wherein an aggregation factor, which is the number of said plurality of data packets in the aggregated packet, is based at least in part on at least one user service requirement and a negotiation between the transmitting communication equipment and the receiving communication equipment, and
wherein the aggregated packet is transmitted by the transmitting equipment to the receiving equipment at a rate different than the designated rate of the data packets.
2. The transmitting communication equipment of claim 1 wherein the at least one user service requirement comprises channel conditions of a communication channel used for transmitting the aggregated packet between the transmitting communication equipment and the receiving communication equipment.
3. The transmitting communication equipment of claim 2 wherein:
the channel conditions are monitored on an ongoing basis during communications between the transmitting communication equipment and the receiving communication equipment; and
an aggregation factor of each of a plurality of aggregated packets transmitted from the transmitting communication equipment to the receiving communication equipment is based at least in part on the channel conditions at the time when the aggregated packet is generated.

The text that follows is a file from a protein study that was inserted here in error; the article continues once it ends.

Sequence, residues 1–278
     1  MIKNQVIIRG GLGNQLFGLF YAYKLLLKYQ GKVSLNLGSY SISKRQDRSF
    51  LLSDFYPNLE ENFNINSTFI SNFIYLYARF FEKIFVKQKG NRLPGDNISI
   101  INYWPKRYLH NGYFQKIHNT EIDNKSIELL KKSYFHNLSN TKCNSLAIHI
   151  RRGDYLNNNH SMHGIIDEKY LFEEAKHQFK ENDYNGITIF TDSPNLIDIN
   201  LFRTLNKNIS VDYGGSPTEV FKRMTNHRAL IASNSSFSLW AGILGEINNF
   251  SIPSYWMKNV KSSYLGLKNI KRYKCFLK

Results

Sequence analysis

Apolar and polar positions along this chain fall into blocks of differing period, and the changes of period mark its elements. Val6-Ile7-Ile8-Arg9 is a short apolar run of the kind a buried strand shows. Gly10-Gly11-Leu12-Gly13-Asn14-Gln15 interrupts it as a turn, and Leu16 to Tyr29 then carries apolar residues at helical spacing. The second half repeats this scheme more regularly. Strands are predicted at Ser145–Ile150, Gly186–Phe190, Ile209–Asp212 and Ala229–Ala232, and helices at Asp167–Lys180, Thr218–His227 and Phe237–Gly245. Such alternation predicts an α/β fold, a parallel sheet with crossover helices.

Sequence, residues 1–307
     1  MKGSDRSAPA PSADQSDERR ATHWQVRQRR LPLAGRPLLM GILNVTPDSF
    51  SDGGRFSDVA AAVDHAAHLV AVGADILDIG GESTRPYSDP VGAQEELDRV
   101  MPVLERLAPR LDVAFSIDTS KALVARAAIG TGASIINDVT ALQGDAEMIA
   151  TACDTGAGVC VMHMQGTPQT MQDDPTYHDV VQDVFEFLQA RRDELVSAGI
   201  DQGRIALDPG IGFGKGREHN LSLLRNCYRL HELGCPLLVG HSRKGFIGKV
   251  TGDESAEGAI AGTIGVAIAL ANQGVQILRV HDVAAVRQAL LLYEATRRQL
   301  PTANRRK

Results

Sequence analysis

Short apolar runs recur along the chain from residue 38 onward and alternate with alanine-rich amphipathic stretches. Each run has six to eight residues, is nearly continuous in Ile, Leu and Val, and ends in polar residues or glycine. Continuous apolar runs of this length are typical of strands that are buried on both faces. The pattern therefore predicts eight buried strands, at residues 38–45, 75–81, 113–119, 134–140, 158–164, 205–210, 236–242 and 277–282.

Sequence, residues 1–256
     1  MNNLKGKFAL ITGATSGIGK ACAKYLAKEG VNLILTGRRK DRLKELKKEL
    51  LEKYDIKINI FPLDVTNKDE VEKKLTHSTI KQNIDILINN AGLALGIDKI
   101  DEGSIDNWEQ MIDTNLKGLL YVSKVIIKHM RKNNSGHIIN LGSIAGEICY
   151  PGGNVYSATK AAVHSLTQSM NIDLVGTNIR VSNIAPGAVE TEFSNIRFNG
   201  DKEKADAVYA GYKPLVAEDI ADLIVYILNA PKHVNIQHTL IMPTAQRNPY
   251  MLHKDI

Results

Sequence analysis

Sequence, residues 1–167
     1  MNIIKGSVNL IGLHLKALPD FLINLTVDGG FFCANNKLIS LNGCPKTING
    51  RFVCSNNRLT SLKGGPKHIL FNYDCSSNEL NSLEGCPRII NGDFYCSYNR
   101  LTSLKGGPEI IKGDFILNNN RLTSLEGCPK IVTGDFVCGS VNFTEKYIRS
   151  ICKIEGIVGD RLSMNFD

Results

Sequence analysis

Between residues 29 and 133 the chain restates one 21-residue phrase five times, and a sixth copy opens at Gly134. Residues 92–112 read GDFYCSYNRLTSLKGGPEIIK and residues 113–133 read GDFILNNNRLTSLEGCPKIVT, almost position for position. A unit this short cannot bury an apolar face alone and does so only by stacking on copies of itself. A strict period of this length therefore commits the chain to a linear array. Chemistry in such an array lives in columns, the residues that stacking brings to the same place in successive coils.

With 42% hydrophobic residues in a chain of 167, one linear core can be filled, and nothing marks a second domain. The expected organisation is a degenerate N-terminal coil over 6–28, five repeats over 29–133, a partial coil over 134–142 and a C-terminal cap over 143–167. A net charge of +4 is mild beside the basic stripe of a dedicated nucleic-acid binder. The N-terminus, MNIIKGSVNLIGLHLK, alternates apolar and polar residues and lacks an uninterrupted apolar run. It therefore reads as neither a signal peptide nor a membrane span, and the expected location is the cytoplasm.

4. The transmitting communication equipment of claim 2 wherein:
the aggregator has an input for coupling to a first buffer; and
the first buffer receives the data packets at the designated rate from a terminal equipment if the transmitting communication equipment operates in a terminal mode, and the first buffer receives the data packets from equipment other than the terminal equipment, at a rate other than the designated rate, if the transmitting communication equipment operates in a relay mode.
5. The transmitting communication equipment of claim 2 wherein the user service requirements on which the aggregation factor is based further include (i) a data rate capability of a communication system within which the equipment is being used, (ii) a current loading level of the system and/or channel, and (iii) a designated quality of service level of the receiving communication equipment in the system.
6. The transmitting communication equipment of claim 2 wherein all the time-delay intolerant data packets in the aggregated data packet are designated for reception and use by a single end-user terminal.
7. The transmitting communication equipment of claim 2 wherein the aggregator performs channel coding and modulation on the aggregated packet.
8. A transmitting communication equipment comprising:
a signal encoder for generating a stream of data packets, said data packets comprising time-delay intolerant information and being scheduled for transmission at a designated rate, said designated rate being based on at least one time delay constraint of the data packets;